Turzi - C
Album Review

Turzi – C

Hidden behind six years of history and well closed doors, French techno outfit Turzi are back with their third album C – the aptly-titled and alphabetically themed follow up in the album trilogy preceded by A and B.

Opening track ‘Coucou’ (no not Couscous, as we first thought) gets the ball rolling with a reverberating bass line that sets the tone for the rest of the album before introducing an obscure, surrealist operatic vocal that gives the album’s first steps a confusing mixture of retro and futuristic charm. Elsewhere ‘Cygne’ and ‘Corbeau’ both follow a blueprint sound, using similar textures and resulting in a lethargic feel that mainly serves to give way to an unintentional anticipation for a change of pace.

Though ‘Colombe’ isn’t necessarily a typical techno anthem (that sort of Ministry-of-Sound-let’s-all-go-to-Cyber-Dog-in-Camden kind of techno) it does clearly take some influence from Binary Finary’s huge hit 1998, with its gently galloping waves of bass.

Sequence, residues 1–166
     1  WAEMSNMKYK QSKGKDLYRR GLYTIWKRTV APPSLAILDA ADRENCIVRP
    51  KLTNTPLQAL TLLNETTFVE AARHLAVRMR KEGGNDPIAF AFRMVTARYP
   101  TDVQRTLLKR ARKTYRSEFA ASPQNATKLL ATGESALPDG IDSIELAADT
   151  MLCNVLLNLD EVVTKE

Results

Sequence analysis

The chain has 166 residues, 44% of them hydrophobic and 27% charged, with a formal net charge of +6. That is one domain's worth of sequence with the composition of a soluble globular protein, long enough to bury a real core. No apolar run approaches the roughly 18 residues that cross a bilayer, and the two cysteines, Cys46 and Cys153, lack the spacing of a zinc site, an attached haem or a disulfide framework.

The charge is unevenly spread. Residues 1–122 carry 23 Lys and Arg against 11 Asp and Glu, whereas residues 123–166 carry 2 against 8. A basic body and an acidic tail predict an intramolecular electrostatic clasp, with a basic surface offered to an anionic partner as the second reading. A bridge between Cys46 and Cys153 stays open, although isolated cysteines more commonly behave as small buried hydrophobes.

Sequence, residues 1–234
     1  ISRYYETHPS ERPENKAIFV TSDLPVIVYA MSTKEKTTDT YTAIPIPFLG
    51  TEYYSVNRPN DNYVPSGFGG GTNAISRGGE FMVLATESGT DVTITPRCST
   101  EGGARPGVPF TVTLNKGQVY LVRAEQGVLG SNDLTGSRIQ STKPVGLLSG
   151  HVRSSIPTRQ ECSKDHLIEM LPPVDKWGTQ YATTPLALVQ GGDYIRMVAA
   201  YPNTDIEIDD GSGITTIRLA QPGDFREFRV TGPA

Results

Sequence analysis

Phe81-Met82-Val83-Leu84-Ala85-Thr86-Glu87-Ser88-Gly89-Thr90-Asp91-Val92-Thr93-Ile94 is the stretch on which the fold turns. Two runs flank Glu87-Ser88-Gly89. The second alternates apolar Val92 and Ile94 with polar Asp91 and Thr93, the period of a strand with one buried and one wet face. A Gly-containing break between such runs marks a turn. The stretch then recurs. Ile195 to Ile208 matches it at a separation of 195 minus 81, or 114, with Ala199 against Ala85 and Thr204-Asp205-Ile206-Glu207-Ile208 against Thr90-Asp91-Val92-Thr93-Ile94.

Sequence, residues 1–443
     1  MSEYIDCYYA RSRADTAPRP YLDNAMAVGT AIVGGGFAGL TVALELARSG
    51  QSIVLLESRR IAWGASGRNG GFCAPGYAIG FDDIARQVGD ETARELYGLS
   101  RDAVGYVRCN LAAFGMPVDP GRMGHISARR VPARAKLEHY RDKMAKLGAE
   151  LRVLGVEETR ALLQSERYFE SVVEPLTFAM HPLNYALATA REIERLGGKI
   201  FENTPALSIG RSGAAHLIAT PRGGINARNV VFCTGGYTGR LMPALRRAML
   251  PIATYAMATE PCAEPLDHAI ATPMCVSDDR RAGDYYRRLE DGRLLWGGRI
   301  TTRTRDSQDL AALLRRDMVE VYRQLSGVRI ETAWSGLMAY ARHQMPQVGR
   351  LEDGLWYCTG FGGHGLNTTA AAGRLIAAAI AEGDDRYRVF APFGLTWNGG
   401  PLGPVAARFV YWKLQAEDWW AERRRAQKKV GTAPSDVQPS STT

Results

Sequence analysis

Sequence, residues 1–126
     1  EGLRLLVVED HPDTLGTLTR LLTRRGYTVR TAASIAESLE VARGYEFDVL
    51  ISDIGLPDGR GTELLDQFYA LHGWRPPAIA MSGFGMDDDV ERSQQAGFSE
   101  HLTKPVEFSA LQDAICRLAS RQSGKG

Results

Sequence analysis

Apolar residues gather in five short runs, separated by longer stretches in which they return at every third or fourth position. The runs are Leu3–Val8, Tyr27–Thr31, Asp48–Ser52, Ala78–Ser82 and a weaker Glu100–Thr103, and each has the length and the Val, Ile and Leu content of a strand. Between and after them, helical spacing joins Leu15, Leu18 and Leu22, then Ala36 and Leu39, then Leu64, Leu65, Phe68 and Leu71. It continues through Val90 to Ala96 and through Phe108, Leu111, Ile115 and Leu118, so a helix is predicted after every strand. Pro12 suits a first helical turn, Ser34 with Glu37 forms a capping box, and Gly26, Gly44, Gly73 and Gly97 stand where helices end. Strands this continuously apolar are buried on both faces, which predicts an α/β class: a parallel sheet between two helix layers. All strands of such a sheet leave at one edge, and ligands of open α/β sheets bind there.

C loses it’s way somewhere around the midpoint as the mélange of similar tracks merges into one, yet the guitar in the opening segment of ‘Condor’ seems to reinvigorate the sound. It’s unexpected, simple, but different. Easily the turning point of the album, it’s where Turzi start to bridge the gap between techno and experimental techno. The tracks that follow take you through a range of emotions, with hints of disjointed genres including hip hop, indie, rock, surf and even some early 90s house – this is truly where the album begins and you start to hear the six years of hard work that have gone into creating their latest release.

Undoubtedly a great effort in parts, sadly this album could have been just four songs long. What starts as a forgettable and generic record by the second half becomes mesmerising, standing as a testament to the elusively different and sometimes strange sounds of Turzi.

– Sam Meaghan

Venue: C
Support Band: Record Makers

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